A Normative Theory of the Information Society
Routledge – 2012 – 158 pages
Routledge – 2012 – 158 pages
There is a clear need for a systematic, integrative, and rigorous normative theory of the information society. In this book, Duff offers a prescriptive theory to help to guide the academic and policy communities as they debate the future shape of emerging post-industrial, information-based societies. He argues that information policy needs to become anchored in a left-liberal philosophy which foregrounds a feasible permutation of the core ideals of freedom, equality and brotherhood. The information society, if it is to be worth having at all, cannot be allowed to be largely the outcome of the free play of market forces and technological determinism. The social structure, including the information economy, must be subjected to a regulatory axiological system as explicated by some leading proponents of social democracy. This text will be of interest to scholars and students at the cutting edge of information studies, journalism and media, computer science, sociology, politics, philosophy, management and law.
"Duff’s book would be an excellent companion to an undergraduate or introductory graduate course on information technology [and] would be of interest to most social scientists engaged with the topics of information media and technological change." — Contemporary Sociology
"Alastair Duff has written an ambitious, exciting and important book. It is a text that deserves to be widely read…" — Prof. Jan Nolin, Swedish School of Library and Information Sciencer, University of Borås,in Information Research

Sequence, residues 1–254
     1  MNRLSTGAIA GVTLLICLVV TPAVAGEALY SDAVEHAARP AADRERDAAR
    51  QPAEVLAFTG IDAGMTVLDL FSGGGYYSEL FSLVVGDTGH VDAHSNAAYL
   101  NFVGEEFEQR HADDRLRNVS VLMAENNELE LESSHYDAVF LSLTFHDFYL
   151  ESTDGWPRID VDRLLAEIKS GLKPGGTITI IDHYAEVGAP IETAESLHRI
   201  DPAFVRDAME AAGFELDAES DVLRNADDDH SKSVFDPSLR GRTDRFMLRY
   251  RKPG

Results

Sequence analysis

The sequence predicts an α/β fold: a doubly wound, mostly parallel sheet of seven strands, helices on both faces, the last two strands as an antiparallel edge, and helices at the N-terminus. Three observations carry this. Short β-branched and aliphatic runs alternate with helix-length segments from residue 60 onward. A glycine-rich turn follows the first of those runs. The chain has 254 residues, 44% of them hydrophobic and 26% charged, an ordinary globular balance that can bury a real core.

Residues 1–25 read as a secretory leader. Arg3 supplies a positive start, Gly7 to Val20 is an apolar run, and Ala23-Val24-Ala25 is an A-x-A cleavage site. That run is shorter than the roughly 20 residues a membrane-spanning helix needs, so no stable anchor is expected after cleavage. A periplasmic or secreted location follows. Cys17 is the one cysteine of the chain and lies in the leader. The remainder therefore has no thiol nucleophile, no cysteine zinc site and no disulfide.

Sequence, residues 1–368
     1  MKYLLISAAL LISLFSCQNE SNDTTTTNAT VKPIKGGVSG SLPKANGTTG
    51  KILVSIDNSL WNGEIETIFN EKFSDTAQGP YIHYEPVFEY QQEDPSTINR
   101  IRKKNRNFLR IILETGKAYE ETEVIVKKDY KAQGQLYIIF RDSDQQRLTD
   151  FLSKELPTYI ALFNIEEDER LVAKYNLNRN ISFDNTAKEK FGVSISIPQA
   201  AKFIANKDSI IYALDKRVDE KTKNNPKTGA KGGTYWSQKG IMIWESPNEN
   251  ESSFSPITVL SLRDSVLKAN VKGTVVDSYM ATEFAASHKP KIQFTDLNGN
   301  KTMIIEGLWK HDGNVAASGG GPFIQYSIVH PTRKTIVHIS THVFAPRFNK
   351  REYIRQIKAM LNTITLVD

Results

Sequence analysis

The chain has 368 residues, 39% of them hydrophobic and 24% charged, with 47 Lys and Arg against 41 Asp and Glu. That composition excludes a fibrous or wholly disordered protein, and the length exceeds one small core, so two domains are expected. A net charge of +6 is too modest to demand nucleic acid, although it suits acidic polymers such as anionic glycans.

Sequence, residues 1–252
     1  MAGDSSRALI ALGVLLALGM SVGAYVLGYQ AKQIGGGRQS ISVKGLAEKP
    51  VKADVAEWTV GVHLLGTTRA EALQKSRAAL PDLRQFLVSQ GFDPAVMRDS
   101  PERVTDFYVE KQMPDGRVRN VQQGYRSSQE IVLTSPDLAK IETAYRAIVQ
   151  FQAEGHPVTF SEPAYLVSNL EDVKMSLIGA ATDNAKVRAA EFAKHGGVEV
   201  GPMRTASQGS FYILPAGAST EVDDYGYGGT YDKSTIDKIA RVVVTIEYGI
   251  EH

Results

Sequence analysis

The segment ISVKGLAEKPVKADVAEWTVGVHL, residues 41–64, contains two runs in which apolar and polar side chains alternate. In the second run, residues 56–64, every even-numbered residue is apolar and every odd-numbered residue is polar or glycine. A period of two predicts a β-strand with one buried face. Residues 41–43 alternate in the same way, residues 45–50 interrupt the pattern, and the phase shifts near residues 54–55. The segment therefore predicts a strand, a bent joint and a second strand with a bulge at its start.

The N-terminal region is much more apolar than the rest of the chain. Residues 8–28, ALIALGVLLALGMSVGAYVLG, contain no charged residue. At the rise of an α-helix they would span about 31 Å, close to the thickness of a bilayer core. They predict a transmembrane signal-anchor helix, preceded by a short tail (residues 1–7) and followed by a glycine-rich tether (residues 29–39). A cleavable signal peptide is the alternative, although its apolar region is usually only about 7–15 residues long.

"This is a fascinating, complex, concise and wideranging exploration of what the author labels the ‘normative crisis of the information society’." — Richard Lance Keeble, University of Lincoln, in Ethical Space
"…a welcome addition on the subject…"— Richard D. Taylor, Pennsylvania State University in Journal of Information Policy
"…as a piece of academic analysis this is a well-sourced and well-argued study which balances an awareness of continuing debates about the information society, with an impatience to develop a normative approach that can be deployed in the real politics of the information age." — Christopher May, Lancaster University, in European Journal of Communication
"…the book is well-structured and makes its case clearly. It represents a strong argument for an ethical and normative theory of the information society. Recent events (e.g. the Leveson Inquiry into phone hacking, the press and democracy in the UK, and Wikileaks’ and Edwards Snowden’s revelations about state surveillance) show us the importance of the subject which Duff addresses. His is an important contribution— and from a leading scholar of the information society."— Hugh Mackay, Ethics and Information Technology
1. The Need for a Normative Theory of the Information Society 2. Reloading Social Democracy: A Rawls-Tawney Synthesis 3. On the Social Distribution of Information and News 4. Social Engineering, Industrial and Post-Industrial
Dr. Alistair Duff is reader in information and journalism at Edinburgh Napier University and a member of its Centre for Social Informatics. With a multidisciplinary background, he has published in a wide range of media on the social role of information. His monograph Information Society Studies was published in 2000 by Routledge.